To our brothers in Christ, the U. S. Conference of Catholic Bishops:
When I was in college, a friend asked how I as a Christian viewed her as a lesbian. I told her that I didn’t think of her any differently than I did of other non-Christians because I believed any life not based on the Lord Jesus Christ was sinful and destructive.
The majority of life boils down to one of two relational spaces. There’s the surface-level presentation of self, best reserved for exchanging pleasantries with the man next to you in the grocery line or during the meet and greet at church. I like your necklace and did you see the game last week? How’s your mom doing? Where does your son go to school?
By now most of you will have seen the news of the grandfather who disowned his daughter because she disowned her own son when he came out as gay to her.
Last week, I went as an adult advisor to the sweltering Purdue University campus for Presbyterian Youth Triennium—a denominational conference for 5,000+ senior high students that comes with much anticipation every three years. Even with the travel and the lack of A/C in our dorm, the experience was a true gift, as I’ve come to understand most chances to journey with youth are.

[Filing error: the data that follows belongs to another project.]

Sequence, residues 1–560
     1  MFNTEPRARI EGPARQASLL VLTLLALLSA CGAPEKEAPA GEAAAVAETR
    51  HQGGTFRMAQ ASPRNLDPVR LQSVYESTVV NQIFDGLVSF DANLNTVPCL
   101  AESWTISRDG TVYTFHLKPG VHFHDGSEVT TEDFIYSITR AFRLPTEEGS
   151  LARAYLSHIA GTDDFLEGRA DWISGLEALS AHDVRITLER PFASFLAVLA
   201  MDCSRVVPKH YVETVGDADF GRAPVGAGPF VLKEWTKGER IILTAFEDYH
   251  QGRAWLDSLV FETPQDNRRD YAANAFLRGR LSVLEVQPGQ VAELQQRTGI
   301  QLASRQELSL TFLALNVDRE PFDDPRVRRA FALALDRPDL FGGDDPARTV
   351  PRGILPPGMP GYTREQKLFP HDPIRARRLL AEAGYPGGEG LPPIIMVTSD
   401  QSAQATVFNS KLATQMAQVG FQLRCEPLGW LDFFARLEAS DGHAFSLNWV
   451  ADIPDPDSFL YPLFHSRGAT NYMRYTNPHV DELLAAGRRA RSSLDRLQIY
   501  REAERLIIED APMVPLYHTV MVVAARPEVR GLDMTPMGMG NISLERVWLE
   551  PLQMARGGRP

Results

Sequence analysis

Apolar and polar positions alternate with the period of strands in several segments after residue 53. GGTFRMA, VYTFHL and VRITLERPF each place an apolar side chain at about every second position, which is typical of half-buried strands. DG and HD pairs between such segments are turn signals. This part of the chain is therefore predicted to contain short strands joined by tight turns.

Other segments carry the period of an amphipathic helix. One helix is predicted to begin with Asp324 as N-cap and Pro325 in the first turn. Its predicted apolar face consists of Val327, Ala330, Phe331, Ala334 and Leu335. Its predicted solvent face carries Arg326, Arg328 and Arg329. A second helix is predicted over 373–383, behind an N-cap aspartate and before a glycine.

Do you know what the word “evangelical” means? Contrary to what many believe, it has nothing to do with judgment or dogma. The term stems from the Greek word eugangelion, meaning "gospel," or the good news of Jesus and the redemption he brings to the world.
Dave Ferrell is a tall white haired Texan. He is a life-long Pentecostal, and he has a gay son.
Ironically, it wasn’t until I came out that I began to discover that being gay wasn’t the end of my relationship with the church. In fact, I couldn’t get those loony Christians to stop calling me. Hadn’t they heard I was queer? What use could I possibly be to the church?
“Love the sinner. Hate the sin.”
How many times do we hear this, particularly in response to the debate over homosexuality in the church? I cannot count the number of comments and conversations that begin something like this:
"As Christians, we love everyone. We love the sinner, but hate the sin. Haven’t you read the following Bible verses...?"
Faith is a journey that reveals the new and unexpected everyday. That’s a core belief we have at Believe Out Loud. We challenge ourselves, and others, to walk a mile in the shoes of those around us in an attempt to grow and strengthen our common humanity.